Do you need photos or video footage recovered of your family growing up, a wedding, a loved one or photos of unforgettable holidays?
Photo loss can be particularly painful experience for most people knowing that happy memories are potentially lost forever.
Drive Rescue has years of experience in the recovery of both .JPEG, RAW and .AVI files for both personal and professional users.
Photo Recovery from Memory Cards
We recover from nearly all types of camera card including MicroSD, MicroSDHC, MicroDSXC, Secure Digital, Fuji / Olympus Xd, Sony Memory Stick and Compact Flash cards.
We perform data recovery on the following brands of memory card from cameras and phones.
We can recover the following compressed files types:
We perform data recovery for a variety of raw image formats including:
Figure 1 4GB Intenso SD card
Figure 2 4Gb Intenso SD Card Opened
The standard SD Memory is comprised of a NAND memory chip, a controller and a PCB board.
The NAND Memory chip stores your data.
The Controller chip contains Error Correction Code data, wear levelling information and bad block management software. It controls how the data on your memory card is stored and managed.
To find out more how ECC works with NAND Memory click here.
How did my camera card lose my photos?
There are several reasons why the data on your camera card can become inaccessible. These include:
Manufacturing Defects - These defects can be seen immediately (i.e. dead-on-arrival) or manifest themselves after a couple of weeks or even months. Typical manufacturing defects include card controller defects or NAND failure due to chemical impurities used in the manufacture process of chips. Manufacturing defects are becoming more prevalent with the pressure on manufacturers to get faster, cheaper and higher capacity camera cards to the market. Data recovery is possible on most factory defective camera cards.
Electro-Static Discharge - ESD is the transfer of electrical charge between to materials at different potentials. An everyday example of this happening is when a person walks across a carpeted floor and then touches a door handle. While this charge is harmless to humans it can be cause serious failure to sensitive electronics such as memory cards. An ESD strike will cause gate oxide failure of a memory card and damage the transistors onboard. For memory cards, ESD strikes can emanate from host devices such as cameras, phones and third-party readers.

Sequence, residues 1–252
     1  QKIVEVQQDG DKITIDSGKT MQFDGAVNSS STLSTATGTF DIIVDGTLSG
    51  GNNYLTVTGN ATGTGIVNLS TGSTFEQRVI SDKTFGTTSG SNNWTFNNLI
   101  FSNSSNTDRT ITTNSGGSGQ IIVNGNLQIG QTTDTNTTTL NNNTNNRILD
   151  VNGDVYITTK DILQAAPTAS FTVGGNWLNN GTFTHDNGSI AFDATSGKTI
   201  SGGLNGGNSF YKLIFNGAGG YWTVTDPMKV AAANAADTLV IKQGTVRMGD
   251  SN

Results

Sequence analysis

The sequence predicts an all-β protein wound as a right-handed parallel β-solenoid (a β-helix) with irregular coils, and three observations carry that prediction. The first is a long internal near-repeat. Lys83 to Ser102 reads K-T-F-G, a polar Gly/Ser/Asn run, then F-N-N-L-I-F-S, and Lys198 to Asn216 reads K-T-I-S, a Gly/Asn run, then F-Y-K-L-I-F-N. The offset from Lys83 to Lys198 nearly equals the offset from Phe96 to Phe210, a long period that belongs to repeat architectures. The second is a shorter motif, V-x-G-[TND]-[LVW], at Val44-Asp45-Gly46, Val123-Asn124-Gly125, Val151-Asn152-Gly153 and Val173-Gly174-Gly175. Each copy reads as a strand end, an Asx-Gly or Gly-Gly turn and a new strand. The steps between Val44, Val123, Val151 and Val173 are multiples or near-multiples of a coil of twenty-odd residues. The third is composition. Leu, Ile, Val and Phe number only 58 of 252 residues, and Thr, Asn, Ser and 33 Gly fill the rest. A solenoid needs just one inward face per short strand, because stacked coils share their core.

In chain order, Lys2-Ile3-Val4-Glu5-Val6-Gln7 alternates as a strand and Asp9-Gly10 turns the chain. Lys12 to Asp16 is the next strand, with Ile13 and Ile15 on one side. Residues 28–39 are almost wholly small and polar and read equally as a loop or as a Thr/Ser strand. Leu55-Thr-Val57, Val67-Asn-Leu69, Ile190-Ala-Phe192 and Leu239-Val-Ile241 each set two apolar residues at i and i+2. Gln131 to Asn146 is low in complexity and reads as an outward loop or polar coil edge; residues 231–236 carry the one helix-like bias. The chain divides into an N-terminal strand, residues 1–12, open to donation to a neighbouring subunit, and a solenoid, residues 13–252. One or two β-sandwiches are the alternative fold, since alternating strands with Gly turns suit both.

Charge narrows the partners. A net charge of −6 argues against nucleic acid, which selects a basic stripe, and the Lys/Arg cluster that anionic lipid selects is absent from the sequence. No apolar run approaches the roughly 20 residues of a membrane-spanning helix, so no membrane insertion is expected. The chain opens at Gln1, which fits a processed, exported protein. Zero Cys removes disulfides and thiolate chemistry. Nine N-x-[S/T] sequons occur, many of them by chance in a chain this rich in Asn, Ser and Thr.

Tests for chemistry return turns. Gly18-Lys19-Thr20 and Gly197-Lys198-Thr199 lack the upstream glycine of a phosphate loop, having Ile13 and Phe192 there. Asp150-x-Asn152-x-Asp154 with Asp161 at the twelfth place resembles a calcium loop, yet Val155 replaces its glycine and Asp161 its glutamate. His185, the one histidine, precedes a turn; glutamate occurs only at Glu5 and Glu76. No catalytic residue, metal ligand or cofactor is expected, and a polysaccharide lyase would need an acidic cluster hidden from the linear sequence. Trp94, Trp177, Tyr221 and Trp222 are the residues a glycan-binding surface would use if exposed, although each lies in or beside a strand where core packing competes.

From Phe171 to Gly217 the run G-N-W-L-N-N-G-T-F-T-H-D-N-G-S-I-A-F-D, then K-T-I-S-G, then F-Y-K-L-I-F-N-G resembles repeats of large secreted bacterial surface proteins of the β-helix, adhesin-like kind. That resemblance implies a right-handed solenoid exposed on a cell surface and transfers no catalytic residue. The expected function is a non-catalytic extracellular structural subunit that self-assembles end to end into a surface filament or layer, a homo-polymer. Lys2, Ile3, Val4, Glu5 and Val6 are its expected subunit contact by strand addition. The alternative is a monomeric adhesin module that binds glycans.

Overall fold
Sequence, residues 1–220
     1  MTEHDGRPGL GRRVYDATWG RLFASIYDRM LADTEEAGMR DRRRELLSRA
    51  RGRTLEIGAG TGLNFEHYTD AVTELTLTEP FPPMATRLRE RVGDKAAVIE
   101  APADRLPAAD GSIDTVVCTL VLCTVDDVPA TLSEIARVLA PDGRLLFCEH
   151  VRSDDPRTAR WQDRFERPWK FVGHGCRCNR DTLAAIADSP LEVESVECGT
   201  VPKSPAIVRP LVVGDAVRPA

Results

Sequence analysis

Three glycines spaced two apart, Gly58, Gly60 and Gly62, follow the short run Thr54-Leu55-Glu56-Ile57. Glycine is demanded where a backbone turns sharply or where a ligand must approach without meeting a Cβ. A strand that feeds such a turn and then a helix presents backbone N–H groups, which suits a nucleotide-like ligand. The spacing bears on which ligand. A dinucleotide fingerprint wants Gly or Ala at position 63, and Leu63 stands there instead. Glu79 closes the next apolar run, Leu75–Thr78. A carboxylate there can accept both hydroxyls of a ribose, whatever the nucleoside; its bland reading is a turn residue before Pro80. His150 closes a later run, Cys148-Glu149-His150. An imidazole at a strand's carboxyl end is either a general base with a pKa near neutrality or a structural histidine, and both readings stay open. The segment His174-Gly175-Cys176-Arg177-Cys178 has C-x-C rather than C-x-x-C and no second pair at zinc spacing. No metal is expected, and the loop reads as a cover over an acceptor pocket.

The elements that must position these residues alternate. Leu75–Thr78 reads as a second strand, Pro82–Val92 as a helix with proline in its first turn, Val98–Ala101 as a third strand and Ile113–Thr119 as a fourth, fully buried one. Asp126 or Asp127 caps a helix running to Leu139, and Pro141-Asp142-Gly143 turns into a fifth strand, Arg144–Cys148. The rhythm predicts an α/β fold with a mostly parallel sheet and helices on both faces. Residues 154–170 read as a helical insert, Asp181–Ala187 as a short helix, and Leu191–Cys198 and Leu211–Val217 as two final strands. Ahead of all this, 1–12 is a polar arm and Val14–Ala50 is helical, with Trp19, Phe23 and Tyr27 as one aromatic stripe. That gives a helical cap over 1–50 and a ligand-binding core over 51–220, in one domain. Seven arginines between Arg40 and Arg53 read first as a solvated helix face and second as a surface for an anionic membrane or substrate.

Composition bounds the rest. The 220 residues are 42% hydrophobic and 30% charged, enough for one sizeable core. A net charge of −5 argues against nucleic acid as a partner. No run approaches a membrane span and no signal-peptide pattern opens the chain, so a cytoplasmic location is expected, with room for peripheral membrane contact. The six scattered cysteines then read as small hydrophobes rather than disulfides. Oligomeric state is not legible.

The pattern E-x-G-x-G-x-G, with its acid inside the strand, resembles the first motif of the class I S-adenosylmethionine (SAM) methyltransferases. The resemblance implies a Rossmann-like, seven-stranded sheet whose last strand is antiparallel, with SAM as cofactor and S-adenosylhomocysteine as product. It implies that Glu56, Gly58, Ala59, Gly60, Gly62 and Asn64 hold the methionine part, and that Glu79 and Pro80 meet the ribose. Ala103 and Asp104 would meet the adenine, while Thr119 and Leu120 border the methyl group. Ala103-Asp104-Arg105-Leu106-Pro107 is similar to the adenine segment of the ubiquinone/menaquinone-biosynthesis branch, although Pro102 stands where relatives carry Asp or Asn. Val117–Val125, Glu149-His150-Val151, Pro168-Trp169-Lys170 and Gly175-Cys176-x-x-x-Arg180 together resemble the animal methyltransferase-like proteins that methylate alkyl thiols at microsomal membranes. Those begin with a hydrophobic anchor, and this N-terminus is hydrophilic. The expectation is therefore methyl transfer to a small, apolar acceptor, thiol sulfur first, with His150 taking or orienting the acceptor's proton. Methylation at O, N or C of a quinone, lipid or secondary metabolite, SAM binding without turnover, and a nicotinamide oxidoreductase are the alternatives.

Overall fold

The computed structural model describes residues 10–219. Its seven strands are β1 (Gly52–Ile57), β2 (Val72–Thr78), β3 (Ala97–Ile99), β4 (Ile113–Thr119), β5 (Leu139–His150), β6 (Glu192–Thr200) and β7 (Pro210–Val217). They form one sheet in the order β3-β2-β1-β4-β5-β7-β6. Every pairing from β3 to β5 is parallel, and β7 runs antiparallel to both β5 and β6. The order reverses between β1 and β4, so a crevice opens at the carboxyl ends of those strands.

Electrical Overstress (EOS) - Each camera card should be operated within the range of current, voltage and power limits as specified by the manufacturer. When a storage device is operating outside of these limits, electrical overstress can cause voltage damage, which in the case of a camera card, can destroy the PCB, controller and more worryingly, the actual NAND chip itself. While transient voltage suppressors onboard your memory device will help prevent EOS damage, they are only a preventative not a catch-all cure.
ECC Controller Failure - Over time, each camera card will develop what are known as bit errors. These are small errors that prevent blocks from being read and erased properly. In order to prevent this, your average camera card (as with most NAND technology) uses a process known as Error Correction Code which uses an algorithm used to "fix" bit errors on the fly. However, there are certain cases where ECC fails to fix these errors. As a result, this can mean that some or all of the contents of your memory card become inaccessible.. ECC Controller failures often happen because the controller fails to cope with thinner die sizes and higher bit-density rates used in modern camera cards.